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Poland Has Lifted Its Media Ban

It’s the latest in an ongoing saga about press freedoms in the populist-led country

Poland's Sjem, or lower house of parliament, was the site of a recent showdown on press freedoms. (Sejm RP/Paweł Kula - Flickr/Creative Commons)
smithsonian.com

If you visit the halls of government in most developed countries, you’ll see not just politicians at work, but journalists documenting their decision-making with cameras and computers. But for five days, the Polish parliament’s debating chamber banned journalists altogether. While Polish parliament’s media ban lifted on Tuesday, reports Marcin Goettig for Reuters—questions about the fate of the country’s free press remain.

The temporary ban was lifted after Poles took to the streets to protest. As Goettig and Lidia Kelly reported last Friday, tensions flared after the ruling Law and Justice Party announced that starting next year, most journalists will be banned from entering the Sejm, or lower house of parliament. Instead journalists would be required to interview officials from a separate building. Recording of parliamentary sessions would also be banned for most media outlets. The announcement of the upcoming changes caused tensions to flare inside the Sejm. After an MP stood on the podium with a sign reading “free media,” report Kelly and Goettig, he was soon joined by others and the parliament was brought to a halt.

Then, the Law and Justice-dominated parliament did something unusual: They kicked all reporters out of the building, went to a side room and held what the opposition says was an illegal vote on the 2017 budget. That prompted widespread demonstrations just days after the government began cracking down on public gatherings.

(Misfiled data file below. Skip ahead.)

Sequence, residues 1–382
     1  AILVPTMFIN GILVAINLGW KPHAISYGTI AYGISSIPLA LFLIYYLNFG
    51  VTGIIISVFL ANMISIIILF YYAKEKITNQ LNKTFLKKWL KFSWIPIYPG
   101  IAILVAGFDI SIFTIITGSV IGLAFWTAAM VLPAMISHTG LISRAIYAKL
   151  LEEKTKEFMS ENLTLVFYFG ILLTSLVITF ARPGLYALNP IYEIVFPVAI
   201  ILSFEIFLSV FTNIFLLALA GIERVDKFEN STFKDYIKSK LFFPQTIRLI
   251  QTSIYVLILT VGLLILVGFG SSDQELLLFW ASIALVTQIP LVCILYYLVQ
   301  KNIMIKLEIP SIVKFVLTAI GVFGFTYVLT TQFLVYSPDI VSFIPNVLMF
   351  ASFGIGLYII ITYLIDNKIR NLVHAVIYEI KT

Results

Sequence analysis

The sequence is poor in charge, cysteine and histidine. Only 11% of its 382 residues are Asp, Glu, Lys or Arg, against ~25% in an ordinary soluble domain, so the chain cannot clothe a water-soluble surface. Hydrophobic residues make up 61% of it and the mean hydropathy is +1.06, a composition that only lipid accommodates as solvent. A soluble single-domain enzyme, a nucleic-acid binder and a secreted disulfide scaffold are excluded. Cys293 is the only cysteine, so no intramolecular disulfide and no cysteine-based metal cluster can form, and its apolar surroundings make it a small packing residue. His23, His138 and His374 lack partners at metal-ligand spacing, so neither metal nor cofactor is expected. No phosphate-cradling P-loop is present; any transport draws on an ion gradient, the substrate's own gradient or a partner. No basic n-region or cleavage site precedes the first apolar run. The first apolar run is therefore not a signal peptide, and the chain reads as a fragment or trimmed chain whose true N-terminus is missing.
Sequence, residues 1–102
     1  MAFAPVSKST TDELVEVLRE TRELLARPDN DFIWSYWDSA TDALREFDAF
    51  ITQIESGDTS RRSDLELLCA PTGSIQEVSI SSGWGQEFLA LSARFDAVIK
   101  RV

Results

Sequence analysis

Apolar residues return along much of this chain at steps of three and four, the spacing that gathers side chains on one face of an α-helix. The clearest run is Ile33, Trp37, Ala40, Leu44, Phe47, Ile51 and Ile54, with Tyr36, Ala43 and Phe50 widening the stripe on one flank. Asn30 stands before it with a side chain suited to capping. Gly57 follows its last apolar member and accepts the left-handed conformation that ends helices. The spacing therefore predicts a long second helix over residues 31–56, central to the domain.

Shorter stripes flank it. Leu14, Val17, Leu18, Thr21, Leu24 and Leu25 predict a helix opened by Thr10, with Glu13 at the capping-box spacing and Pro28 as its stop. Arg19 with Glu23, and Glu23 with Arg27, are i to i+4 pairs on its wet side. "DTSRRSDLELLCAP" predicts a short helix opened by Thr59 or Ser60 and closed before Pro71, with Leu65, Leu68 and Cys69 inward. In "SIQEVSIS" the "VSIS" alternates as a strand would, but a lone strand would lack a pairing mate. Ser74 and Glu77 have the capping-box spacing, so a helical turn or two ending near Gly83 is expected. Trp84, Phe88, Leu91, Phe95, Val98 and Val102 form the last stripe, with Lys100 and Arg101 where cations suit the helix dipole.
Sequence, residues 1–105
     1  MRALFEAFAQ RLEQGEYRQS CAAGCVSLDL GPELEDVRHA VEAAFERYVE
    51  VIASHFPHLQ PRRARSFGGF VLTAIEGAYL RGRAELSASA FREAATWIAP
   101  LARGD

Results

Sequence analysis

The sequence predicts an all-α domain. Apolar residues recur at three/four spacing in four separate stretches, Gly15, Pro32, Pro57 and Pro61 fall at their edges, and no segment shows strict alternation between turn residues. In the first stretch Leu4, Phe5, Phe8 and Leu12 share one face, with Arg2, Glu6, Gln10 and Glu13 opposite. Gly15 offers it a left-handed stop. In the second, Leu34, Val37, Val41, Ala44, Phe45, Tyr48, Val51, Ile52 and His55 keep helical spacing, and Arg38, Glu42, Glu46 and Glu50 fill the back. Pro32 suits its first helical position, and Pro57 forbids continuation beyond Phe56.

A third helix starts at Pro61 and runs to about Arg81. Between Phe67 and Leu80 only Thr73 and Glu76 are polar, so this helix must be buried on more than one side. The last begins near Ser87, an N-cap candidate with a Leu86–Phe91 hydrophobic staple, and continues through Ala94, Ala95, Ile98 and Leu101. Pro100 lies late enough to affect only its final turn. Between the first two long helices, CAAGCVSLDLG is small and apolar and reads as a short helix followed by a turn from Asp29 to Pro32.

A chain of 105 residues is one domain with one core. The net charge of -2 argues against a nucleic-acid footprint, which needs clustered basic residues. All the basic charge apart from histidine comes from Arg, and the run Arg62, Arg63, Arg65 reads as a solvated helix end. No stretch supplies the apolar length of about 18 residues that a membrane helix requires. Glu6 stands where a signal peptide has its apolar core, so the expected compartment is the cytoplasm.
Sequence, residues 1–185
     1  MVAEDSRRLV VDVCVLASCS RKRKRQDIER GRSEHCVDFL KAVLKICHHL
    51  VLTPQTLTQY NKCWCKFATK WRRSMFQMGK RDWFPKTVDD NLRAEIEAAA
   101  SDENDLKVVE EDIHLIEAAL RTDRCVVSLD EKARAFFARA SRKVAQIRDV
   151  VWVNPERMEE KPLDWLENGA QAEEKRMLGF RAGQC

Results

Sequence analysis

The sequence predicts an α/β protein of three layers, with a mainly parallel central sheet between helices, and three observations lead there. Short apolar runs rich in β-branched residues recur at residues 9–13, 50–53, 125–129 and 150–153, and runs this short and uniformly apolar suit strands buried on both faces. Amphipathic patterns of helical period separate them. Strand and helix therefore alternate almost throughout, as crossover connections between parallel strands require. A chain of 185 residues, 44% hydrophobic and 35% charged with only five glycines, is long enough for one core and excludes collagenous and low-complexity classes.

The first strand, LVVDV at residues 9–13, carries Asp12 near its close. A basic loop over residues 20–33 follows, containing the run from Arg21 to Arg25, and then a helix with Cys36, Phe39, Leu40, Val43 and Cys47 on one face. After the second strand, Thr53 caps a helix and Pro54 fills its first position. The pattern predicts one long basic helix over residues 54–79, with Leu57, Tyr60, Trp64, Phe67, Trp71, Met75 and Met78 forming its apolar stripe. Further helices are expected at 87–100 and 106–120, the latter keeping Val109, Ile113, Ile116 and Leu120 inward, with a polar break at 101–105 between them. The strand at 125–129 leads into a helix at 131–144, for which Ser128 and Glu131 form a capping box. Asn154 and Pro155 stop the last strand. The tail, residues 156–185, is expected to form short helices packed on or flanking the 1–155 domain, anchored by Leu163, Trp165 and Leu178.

The timing is sensitive for Poles: December 13 marked 35 years since the country’s communist government imposed martial law, jailing and killing its opponents. The target of the crackdown was Solidarity, a trade union that became a movement to democratize Poland. During a year and a half of martial law, Poland’s journalists were targeted, and freedom of the press has remained a critical issue for Poles who remember a time when voicing opposition could cost you your life.

That freedom has already been challenged by the Law and Justice Party. Now the most powerful party in Poland, the far-right party took power after running on a platform that promised Poles a return to conservative values and resistance to globalization and refugees. Soon after taking office, the party began to “reform” Polish journalism, taking over public broadcasting and the hiring and firing of some journalists. The new government also spurred an ongoing constitutional crisis by overlooking existing laws that dictate how the countrys highest court should function.

The nationalist Law and Justice Party has been criticized for its attempts to control how journalists characterize Polish history. (As SmartNews reported earlier this year, the parliament moved to ban the term “Polish death camps,” a move some claim minimizes the role Poles played in the Holocaust.) But for many Poles, closing the door on lawmakers’ once-public debates was a step too far.

Members of the opposition staged a five-day sit-in on the floor of the parliament, even when their opponents turned off the light and heat inside the building. And outside, thousands of protestors gathered in the chilly December weather to make their voices heard.

The ban has been lifted for now, but it’s still not clear what the Law and Justice Party’s next move will be. As Goettig notes, the party still has support due to a rise in the minimum wage and other social reforms. Onlookers will continue to keep a close eye on the situation, including the European Union, which has been conducting an investigation of the country’s rule of law since summer. The world is still watching Poland—that is, if the cameras and computers stay on.

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